“Come here,” Priya commanded. “It’s sleep time, raptors. That’s an order.”
“No orders!” Raptor Two shrieked, hopping to the top of Priya’s bookshelf with alarming grace. Opening doors wasn’t the only motor skill that had improved. “Only COOKIES!”
Priya blinked. “Cookies?” She didn’t remember introducing them to that concept. Some student must have brought one in and aroused their curiosity.
“COOKIES!” the raptors chorused.
“You are inorganic, mechanical beings. You can’t even eat cookies.” But curiosity alone, at this developmental stage, could be a powerful impetus.
“COOKIES! COOKIES! COOKIES!”
Priya drew herself up. She was the head of the Robotics Lab, and this was her responsibility. “Look, I—”
But then the other door opened, the one linking Priya’s office to the main hallway, and a freshman holding a marked assignment hopefully poked his nose into the room.
“COOKIES!” bellowed both raptors, leaping off the bookshelf and divebombing the student. He screamed and fled. His running footsteps receded into the distance as the assignment floated to the floor, abandoned.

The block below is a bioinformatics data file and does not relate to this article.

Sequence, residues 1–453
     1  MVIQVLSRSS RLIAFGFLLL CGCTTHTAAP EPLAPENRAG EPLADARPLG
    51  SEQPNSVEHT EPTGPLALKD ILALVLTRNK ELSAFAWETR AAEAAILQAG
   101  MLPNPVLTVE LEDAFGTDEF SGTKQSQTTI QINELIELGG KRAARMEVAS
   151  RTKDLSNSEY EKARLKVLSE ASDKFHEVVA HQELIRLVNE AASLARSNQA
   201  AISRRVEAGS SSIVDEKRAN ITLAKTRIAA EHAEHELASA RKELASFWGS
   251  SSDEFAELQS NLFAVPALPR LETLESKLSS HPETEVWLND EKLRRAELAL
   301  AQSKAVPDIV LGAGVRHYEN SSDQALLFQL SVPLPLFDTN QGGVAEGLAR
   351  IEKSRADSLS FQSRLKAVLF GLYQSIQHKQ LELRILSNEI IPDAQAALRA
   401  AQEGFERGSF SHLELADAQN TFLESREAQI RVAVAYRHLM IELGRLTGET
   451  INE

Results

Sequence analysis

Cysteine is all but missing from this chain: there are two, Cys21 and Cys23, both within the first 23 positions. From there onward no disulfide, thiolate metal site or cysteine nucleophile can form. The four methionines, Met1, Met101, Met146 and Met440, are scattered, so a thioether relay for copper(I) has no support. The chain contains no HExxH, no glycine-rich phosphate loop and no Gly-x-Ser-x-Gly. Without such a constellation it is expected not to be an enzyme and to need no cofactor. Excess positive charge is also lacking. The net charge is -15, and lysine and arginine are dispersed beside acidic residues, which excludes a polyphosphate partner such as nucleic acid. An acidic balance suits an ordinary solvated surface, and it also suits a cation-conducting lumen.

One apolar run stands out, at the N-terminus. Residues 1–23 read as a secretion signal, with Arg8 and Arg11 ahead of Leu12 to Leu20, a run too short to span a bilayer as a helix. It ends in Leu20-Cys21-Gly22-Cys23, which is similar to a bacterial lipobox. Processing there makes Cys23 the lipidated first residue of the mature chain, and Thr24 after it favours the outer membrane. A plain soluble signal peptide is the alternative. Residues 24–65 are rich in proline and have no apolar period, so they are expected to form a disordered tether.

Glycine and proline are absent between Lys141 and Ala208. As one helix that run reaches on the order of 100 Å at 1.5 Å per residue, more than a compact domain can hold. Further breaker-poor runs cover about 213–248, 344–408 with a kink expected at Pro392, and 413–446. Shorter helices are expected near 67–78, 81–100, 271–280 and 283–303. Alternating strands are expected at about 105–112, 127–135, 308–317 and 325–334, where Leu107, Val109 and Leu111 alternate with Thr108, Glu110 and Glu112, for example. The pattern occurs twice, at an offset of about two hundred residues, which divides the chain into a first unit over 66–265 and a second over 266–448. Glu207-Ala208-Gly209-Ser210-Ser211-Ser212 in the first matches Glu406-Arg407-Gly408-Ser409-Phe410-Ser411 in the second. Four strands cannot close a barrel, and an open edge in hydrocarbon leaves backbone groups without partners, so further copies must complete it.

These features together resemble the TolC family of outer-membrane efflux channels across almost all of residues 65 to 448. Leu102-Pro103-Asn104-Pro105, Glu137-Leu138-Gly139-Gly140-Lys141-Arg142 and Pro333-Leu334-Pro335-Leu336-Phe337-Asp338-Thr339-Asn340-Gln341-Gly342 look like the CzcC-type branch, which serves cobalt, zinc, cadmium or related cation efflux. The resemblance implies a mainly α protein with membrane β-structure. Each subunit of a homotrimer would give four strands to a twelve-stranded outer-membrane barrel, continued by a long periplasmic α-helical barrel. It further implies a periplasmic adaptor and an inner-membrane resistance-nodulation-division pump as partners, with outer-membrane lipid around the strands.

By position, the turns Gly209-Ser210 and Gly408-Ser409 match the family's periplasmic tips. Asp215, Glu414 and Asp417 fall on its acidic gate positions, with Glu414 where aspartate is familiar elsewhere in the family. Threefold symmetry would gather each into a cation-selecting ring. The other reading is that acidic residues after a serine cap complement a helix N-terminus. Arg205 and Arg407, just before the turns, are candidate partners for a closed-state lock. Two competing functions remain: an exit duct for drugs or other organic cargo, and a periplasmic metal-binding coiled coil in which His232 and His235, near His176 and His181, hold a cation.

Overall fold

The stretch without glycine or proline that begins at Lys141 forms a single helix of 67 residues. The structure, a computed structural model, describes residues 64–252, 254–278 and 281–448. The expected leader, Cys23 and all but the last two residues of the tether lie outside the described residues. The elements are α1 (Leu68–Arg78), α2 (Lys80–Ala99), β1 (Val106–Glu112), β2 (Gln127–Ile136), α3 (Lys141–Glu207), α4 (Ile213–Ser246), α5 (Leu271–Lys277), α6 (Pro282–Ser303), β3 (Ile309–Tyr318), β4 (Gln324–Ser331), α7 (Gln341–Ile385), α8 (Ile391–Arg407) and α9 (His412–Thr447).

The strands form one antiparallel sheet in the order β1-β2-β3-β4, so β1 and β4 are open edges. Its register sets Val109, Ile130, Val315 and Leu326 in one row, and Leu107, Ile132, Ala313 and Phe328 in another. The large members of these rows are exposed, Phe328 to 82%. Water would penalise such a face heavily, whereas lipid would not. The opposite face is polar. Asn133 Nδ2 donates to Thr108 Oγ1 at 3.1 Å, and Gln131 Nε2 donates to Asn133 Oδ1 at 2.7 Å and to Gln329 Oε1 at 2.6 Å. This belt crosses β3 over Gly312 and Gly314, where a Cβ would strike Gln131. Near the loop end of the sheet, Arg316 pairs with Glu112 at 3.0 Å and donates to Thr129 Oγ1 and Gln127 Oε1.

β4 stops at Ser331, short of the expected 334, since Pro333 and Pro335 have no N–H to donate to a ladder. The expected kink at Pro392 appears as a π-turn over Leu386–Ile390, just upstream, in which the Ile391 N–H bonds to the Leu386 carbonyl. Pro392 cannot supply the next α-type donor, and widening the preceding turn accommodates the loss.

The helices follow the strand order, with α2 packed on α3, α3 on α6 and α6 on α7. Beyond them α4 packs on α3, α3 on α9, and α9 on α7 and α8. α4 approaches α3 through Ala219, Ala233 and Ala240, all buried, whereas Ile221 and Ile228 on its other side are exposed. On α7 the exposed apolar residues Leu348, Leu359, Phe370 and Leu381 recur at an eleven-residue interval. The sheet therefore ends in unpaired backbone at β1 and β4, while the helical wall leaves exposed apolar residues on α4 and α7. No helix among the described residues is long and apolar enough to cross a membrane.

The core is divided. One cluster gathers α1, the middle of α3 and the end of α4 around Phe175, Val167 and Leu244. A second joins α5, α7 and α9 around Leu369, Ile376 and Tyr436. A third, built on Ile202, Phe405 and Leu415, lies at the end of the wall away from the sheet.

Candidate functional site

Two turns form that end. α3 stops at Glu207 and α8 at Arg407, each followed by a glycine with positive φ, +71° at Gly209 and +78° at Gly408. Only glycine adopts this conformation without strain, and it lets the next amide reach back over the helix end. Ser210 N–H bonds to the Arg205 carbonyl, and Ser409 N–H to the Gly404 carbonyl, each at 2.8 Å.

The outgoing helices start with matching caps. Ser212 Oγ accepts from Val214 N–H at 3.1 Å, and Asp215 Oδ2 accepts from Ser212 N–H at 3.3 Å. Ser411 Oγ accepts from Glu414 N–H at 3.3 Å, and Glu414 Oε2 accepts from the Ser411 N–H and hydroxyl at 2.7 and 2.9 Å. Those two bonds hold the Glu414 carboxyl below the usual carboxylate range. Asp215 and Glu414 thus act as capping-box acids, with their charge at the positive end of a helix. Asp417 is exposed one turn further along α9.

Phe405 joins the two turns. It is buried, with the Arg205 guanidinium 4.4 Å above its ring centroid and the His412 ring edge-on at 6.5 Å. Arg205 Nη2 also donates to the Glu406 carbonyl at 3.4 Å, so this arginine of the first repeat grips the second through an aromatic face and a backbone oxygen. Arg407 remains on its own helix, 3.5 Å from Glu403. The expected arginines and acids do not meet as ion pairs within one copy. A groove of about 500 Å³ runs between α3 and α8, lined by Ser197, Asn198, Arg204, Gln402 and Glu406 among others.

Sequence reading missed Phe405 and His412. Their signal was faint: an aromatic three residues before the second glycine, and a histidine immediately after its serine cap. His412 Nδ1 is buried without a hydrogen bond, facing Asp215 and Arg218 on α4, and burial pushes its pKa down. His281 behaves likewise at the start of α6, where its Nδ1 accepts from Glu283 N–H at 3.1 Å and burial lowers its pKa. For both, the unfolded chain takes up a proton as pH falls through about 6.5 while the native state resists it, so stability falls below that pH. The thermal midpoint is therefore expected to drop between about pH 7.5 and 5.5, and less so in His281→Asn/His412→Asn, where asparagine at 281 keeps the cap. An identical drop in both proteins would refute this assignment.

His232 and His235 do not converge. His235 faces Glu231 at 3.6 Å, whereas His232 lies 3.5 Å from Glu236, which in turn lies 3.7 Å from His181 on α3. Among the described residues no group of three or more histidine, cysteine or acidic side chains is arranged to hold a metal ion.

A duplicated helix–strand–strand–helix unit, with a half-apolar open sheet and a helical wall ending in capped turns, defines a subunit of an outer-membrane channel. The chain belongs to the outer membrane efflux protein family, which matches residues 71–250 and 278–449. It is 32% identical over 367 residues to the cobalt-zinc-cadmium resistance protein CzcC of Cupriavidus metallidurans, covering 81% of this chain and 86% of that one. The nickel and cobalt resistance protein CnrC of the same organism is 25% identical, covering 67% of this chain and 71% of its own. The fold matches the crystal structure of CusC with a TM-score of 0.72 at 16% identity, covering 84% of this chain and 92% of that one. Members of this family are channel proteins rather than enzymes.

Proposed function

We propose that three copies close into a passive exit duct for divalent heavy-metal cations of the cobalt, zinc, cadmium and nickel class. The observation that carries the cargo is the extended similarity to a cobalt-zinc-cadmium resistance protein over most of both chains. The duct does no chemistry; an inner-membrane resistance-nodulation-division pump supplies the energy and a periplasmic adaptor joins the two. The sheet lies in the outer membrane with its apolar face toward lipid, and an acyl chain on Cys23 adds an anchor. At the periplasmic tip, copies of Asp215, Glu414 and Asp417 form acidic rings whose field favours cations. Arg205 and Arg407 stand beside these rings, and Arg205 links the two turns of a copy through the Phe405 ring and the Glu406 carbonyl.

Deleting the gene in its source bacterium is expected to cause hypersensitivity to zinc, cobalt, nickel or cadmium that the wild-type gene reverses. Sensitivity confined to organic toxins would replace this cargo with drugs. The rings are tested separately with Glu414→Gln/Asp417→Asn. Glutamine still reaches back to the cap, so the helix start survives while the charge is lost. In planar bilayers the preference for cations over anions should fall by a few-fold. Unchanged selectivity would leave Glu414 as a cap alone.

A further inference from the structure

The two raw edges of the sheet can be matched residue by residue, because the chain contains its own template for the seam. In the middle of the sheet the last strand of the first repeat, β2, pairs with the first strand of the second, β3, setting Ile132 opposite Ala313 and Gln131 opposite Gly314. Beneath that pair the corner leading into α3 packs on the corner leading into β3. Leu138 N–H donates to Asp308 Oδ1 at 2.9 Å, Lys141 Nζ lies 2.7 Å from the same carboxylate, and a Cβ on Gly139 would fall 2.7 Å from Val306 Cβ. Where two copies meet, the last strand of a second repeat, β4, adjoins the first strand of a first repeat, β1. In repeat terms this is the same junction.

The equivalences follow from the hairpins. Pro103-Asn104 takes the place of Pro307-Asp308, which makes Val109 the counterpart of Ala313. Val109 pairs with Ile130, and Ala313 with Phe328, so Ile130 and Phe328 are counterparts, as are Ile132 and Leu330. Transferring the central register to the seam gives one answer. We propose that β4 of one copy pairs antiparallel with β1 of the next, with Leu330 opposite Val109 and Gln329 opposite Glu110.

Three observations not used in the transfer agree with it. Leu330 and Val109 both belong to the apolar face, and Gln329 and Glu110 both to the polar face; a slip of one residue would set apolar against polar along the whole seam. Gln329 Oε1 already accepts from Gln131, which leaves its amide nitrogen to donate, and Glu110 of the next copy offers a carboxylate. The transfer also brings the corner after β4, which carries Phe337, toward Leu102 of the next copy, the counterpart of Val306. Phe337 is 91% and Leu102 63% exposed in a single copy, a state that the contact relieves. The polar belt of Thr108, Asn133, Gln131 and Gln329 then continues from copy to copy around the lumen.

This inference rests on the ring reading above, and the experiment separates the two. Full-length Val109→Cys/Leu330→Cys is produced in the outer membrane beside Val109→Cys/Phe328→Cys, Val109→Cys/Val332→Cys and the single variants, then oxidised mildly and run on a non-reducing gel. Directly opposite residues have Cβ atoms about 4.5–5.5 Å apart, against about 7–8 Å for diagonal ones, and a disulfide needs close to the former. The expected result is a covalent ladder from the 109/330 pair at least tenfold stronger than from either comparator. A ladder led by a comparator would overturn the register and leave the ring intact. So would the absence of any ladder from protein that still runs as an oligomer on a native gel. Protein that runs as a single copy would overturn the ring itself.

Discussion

Priya reached into her desk drawer for the Raptor Remote, and found it after a moment of fumbling. Her fingers found the button marked EMERGENCY AVERSIVE.
She didn’t press down.
When she thought about it, she hadn’t actually wanted to deal with that student. She knew his face. He was here to shout at her about how many marks he deserved, the same as every week. Disruptive as Raptors One and Two might be, she did like them more than she liked that particular student.
And there were other people she would like to keep out of the office.
Priya let the Raptor Remote fall gently from her fingers back into the drawer.
“I’ll give you a cookie,” she said into the air. The raptors, who had been tearing at the fallen assignment, looked up in unison. Their bright green eyes, glittering with artificial lens enhancers, fixed unblinkingly on her.
“I’ll give you a cookie,” she repeated, “if you do something for me.”
The raptors nodded slowly, and an equally slow grin crossed Priya’s face.
“Do you know,” she asked, in the clear and precise tone that she’d learned was best for robots, “what the word ‘guard’ means?”
Later that day, as she’d expected, the Dean of Robotics bustled into Priya’s office without knocking or asking permission.
“Dr. Chaudhari,” he said officiously, “your Form 1078-B is late again, and I must insist—”
He was interrupted by both robot raptors launching themselves at him from the top of Priya’s shelves.
“COOKIE!!” shrieked Raptor One, gnawing on the Dean’s toupee.